The NFL Blame Game

NFLI am a football fan.  And I am a proud, unabashed feminist.  So I should be jumping rabidly onto the anti-NFL, fire-Goodell, you-go-girl women’s movement bandwagon, right?

Hell, no.

I hold the unpopular opinion that people are solely responsible for their actions as individuals.  Let’s use the Ray Rice case as an example.  Unless you live under a rock, and I just may want to join you there, then you have seen the video, played and re-played ad nauseum, of Ray Rice and his then-fiance, Janay, in an elevator.  Spoiler alert: Janay ends up unconscious after moving toward Ray, and Ray hitting her.

Let’s get one thing out of the way: I don’t condone Ray Rice hitting Janay.  I also don’t condone Janay hitting Ray (which is captured on the video but is glossed over and brushed aside, presumably because she is just a girl and can’t actually inflict any damage, right?)  I oppose violence of any kind in any relationship.

When Janay decided to marry Ray Rice one day after his indictment, she essentially announced that she accepts his behavior and the parameters of their relationship.  I personally would find those parameters unacceptable.  She evidently did not.  Her choice, her prerogative, but in doing so, she can hardly be considered a hapless victim.

“Fool me once, shame on you.  Fool me twice, shame on me.”  Anyone remember that catchy little saying?  How about “You teach others how to treat you”?

Already I hear the screeching cries of victim-blaming, but “Why did you stay?” is a valid question.  Very few people fall into the category of completely trapped and incapable of ending a relationship.  Feeding a victim mentality and pretending everyone in an unhealthy relationship is a cringing, helpless weakling absolutely incapable of changing his or her circumstances is not productive or realistic.

Attacking the NFL is barking up the wrong tree.  If NFL Commissioner Roger Goodell was fired tomorrow, and if the NFL collapsed and ceased to exist, would domestic violence miraculously screech to a halt?

What if women and men were held equally accountable for violent behavior?  What if little boys and girls were taught “Don’t hit anyone” instead of simply “Don’t hit a girl”?  What if female sexuality and violence were not enmeshed and served up together as juicy entertainment?  What if all boys and all girls learned to be independent and bold, self-respecting and respectful of others?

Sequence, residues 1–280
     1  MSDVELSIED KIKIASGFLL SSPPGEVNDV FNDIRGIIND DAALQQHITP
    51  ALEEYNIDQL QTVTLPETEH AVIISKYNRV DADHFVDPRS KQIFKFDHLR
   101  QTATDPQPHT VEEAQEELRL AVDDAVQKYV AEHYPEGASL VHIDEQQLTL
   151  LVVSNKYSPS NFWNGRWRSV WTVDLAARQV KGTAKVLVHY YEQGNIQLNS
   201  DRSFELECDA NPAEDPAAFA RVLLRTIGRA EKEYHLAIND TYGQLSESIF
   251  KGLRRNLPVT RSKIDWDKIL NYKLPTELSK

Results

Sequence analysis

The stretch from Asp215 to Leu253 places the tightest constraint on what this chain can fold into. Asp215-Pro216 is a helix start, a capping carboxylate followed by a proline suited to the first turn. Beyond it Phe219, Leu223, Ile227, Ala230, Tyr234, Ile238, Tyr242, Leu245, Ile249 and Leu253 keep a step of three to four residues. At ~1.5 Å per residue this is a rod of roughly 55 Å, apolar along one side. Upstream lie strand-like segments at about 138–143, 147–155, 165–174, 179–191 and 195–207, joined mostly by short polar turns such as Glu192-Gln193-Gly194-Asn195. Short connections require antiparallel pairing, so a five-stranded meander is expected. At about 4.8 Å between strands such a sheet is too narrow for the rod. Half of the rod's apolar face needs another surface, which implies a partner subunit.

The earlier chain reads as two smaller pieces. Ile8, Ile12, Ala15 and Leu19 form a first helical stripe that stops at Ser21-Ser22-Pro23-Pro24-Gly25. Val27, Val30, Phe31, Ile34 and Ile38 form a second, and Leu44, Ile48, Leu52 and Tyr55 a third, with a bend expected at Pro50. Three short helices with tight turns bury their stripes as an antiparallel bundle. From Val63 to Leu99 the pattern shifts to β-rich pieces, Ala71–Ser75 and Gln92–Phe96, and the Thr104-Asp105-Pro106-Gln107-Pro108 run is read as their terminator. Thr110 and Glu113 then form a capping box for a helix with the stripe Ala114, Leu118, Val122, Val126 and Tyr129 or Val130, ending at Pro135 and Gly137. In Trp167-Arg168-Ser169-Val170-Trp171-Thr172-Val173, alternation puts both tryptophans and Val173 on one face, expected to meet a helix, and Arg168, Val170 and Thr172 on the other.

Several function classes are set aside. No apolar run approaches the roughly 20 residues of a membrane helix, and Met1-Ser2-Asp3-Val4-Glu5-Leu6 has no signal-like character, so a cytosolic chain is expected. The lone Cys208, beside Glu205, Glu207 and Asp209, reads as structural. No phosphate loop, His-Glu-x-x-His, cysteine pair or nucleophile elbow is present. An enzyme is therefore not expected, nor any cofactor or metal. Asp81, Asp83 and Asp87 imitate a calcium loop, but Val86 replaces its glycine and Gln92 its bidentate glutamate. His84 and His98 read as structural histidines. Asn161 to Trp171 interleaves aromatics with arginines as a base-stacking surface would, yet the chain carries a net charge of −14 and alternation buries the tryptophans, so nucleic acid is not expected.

I have never been involved in a violent relationship.  That is not a coincidence or sheer luck.  I have not narrowly escaped an inevitable female fate by the sheer skin of my teeth. Rather, it is a conscious and deliberate set of circumstances, because I value myself and made a purposeful decision that there are certain behaviors and attitudes I will not accept, and that is non-negotiable.  Is it a luxury or mere luck that I put serious thought into my standards and stick to them?  Hardly.

I could go on.  It doesn’t matter, though, because the witch hunt against the NFL has already begun, and lord knows lemmings love to leap mindlessly and thoughtlessly onto the newest bandwagon.  It is taboo to question why people tolerate certain behaviors against themselves, even though that dialogue could benefit the very people we ask.  We claim to be horrified if a man hits a woman, yet we pay dearly for “entertainment” that reduces women to mere objects, and we shred a man to bits if he doesn’t project the socially acceptable level of testerone-laden macho-ness we crave and demand.

Domestic violence is undeniably a loathsome problem in our society.  It’s not going anywhere, any time soon.  Vilifying the NFL is nothing but a convenient smokescreen preventing anyone from having to make real changes to work toward much-needed and long-overdue societal improvements.  Why don’t we just march on with an indignant air, pantomiming the motions of giving a damn while clutching stubbornly to attitudes and expectations that perpetually and maddeningly feed the problem?  You know…the way we always have.

About TheSmirkingCat

I am endlessly trying to make sense of a world that has completely and unapologetically lost its mind.
This entry was posted in change, Domestic violence, NFL. Bookmark the permalink.

4 Responses to The NFL Blame Game

  1. Amy says:

    You nailed this perfectly. Yes, it’s hard to leave if it’ starts once you’re already in a marriage and have kids. I filed restraining orders only to have them broken and every phone in the house smashed so I couldn’t “call the cops” and his trips to jail were shorter than the amount of time I spent in the ER however – anything is possible.

    She chose to move forward with that relationship knowing what could and had happened. Her problem. Not the NFL’s

  2. I completely agree – I think the NFL is an easy target, and I think that they are getting way more involved than they should! And I agree, we teach people how to treat us – and I think that is a life lesson that many ignore!

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